Feb. 20, 2017
By Rachel DaDamio
It's 8 a.m. Or, more specifically, 8:08 a.m. Allowing myself to hit the `snooze' button once, I respond to my blaring alarm and groggily climb down from the top bunk. I grab some yogurt and a piece of fruit from the fridge, put a coat over my pajamas and sneak quietly out of my room, trying not to wake my sleeping roommate. The bike ride to the Joyce Center is lonely. Usually, students and faculty fill the campus sidewalks, and biking requires weaving through crowds -- not on a Sunday morning. With the exception of my teammates also making their way to the JACC, I see no one.
Sunday, a day traditionally marked by sleeping in and completing homework, is my favorite day of the week. And it's not just me; Sundays are a unique day for the track and cross country team, one that we look forward to and savor throughout the remainder of the week.
Usually, I am one of the first to enter the locker room. As each teammate arrives -- some sleepily holding coffee, others softly humming the fight song (reminiscing from the football game the day before) -- the locker room is filled with the familiar restlessness that comes with planning for a run. Am I wearing the right apparel (a difficult but important question given the unpredictable weather of South Bend, Indiana)? Did I remember to bring water? We mill around the locker room, looking for shoes, watches, car keys and socks to complete our preparation. Then, we meet briefly with associate head coach Matt Sparks outside the locker room, pile into teammates' cars, and make the 20-minute drive to Bertrand Road in Michigan for practice. Bertrand road is the major road on our long run route. Characterized by hills and soft surfaces, it is the ideal setting for our Sunday run.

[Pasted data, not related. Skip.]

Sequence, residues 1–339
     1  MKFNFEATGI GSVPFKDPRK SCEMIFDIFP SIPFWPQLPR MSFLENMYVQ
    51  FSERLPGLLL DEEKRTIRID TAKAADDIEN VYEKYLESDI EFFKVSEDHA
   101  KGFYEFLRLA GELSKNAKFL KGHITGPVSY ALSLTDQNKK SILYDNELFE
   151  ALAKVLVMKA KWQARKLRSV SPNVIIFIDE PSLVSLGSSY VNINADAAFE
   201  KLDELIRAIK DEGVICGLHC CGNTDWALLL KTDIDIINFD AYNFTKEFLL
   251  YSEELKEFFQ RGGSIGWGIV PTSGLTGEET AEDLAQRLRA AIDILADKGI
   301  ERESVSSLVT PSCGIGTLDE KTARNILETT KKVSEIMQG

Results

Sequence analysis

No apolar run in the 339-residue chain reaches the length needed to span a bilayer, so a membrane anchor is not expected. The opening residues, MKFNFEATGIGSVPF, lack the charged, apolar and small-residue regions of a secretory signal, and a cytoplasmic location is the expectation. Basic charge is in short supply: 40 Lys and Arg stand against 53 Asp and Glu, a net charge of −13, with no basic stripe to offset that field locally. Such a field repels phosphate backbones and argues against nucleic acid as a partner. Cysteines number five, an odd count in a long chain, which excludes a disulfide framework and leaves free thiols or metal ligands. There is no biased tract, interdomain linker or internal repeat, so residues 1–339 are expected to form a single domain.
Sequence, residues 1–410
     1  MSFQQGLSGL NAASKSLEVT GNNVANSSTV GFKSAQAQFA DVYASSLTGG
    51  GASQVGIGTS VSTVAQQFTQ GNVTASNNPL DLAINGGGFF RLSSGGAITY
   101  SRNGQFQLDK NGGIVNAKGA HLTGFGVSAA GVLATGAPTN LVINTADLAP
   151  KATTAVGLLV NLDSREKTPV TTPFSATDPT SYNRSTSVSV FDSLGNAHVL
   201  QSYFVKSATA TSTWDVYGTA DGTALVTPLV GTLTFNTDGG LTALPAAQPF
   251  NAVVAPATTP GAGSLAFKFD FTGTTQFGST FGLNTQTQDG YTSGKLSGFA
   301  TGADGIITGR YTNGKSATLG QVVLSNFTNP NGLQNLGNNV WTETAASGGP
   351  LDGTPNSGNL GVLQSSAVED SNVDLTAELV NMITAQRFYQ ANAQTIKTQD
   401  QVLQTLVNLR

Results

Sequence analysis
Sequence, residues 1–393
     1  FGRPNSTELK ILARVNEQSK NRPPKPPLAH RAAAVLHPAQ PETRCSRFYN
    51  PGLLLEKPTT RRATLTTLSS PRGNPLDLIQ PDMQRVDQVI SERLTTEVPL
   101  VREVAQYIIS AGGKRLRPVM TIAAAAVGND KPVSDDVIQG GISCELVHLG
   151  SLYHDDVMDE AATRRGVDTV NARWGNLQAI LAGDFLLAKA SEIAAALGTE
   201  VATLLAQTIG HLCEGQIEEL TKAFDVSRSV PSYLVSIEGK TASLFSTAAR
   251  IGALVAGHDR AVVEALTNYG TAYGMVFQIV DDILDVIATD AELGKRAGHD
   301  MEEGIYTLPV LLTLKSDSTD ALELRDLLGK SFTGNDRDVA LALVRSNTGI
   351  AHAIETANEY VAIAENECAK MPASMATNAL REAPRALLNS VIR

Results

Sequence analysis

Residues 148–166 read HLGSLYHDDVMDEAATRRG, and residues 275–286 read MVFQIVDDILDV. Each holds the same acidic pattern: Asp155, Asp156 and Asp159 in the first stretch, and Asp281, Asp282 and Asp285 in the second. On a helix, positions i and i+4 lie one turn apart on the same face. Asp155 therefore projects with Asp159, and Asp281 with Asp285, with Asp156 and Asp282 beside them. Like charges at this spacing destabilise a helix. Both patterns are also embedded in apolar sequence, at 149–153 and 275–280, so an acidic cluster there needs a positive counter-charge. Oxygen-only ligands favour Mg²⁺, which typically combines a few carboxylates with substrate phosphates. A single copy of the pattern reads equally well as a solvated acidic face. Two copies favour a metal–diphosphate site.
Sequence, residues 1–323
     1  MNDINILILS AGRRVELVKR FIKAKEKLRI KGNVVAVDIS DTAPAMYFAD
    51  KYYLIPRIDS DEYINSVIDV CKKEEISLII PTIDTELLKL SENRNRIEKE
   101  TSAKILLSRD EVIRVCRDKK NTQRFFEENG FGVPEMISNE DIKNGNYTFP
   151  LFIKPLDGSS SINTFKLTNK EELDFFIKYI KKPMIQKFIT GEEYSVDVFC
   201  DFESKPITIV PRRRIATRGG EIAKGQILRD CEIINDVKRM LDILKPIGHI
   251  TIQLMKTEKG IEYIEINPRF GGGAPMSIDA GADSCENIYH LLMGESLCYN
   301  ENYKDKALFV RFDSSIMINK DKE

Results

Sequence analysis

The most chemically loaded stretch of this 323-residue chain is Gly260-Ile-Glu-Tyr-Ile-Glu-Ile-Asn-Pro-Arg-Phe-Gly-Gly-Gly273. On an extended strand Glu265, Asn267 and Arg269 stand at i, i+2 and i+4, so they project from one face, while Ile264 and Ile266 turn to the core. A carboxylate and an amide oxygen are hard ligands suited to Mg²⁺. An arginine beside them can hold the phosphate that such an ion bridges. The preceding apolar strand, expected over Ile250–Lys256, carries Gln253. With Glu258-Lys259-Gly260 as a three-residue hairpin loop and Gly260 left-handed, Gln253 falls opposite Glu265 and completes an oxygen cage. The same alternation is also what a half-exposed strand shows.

Sunday, in the world of distance running, is the day of the long run. Since I started track at Derby Middle School, my Sunday has consistently involved a long run. At 12 years old, my long run was a very slow, four-mile loop with my dad before church. During high school, my long run grew from six miles my freshmen year to 11 by the end of my senior year. As I gained age and experience, my long run lengthened. Now, my long run at Notre Dame is a 12-mile "out-and-back": six miles out and six miles back on the hilly dirt roads of Michigan, sometimes involving a tempo portion (a few miles at a faster pace). During cross country and outdoor track season, when the dirt roads aren't covered with snow, we run at Bertrand. During the winter, the long run continues closer to home -- sometimes with 60 laps around our 320 meter indoor track.
Although my long run has tripled in length, it's always been there. Serving as a way to mark my progress, the long run has -- on good days -- been evidence of my growth as a runner. On bad days, it has reminded me of my room for improvement.
Like my bike ride to the JACC, my long run was typically lonely before I came to Notre Dame. In middle school and high school, I was lucky to have one friend accompany me; however, when I climb the hills at Bertrand, I am never alone. Usually we run in groups of four to six girls (but have as many as 12 on some days). Sometimes we laugh, recounting stories from the earlier part of the weekend or imagining which teammate would win a hypothetical Hunger Games. Sometimes we discuss more serious topics -- our dreams, relationships, goals and struggles. Other times, we don't talk at all.
The company is what makes the long run my favorite. Reaching the top of an intimidating hill with your teammates by your side, each one a little out of breath, our strides syncing with one another -- it's a moment that will never get old. On warmups before races, when the anxious energy is especially palpable, someone inevitably will break the silence, referring to a big hill on the course.
"It's not as bad as Bertrand. We can do it."
Nervous laughter fills the air, and collectively, we remember the Sunday long run. Whoever spoke was right: the hill on the course pales in comparison to "the 10K hill" on Bertrand. What we will face on that cross country course or on that track is just another hill, and we will approach it the same as we do Sunday after Sunday -- together.
For more, check out the entire Into Focus series here.
Irish sophomore Rachel DaDamio runs cross country and competes as a distance runner with the women's track and field team. The Notre Dame track and field program hosts the Atlantic Coast Conference Championships from February 23-25 at Loftus Sports Center.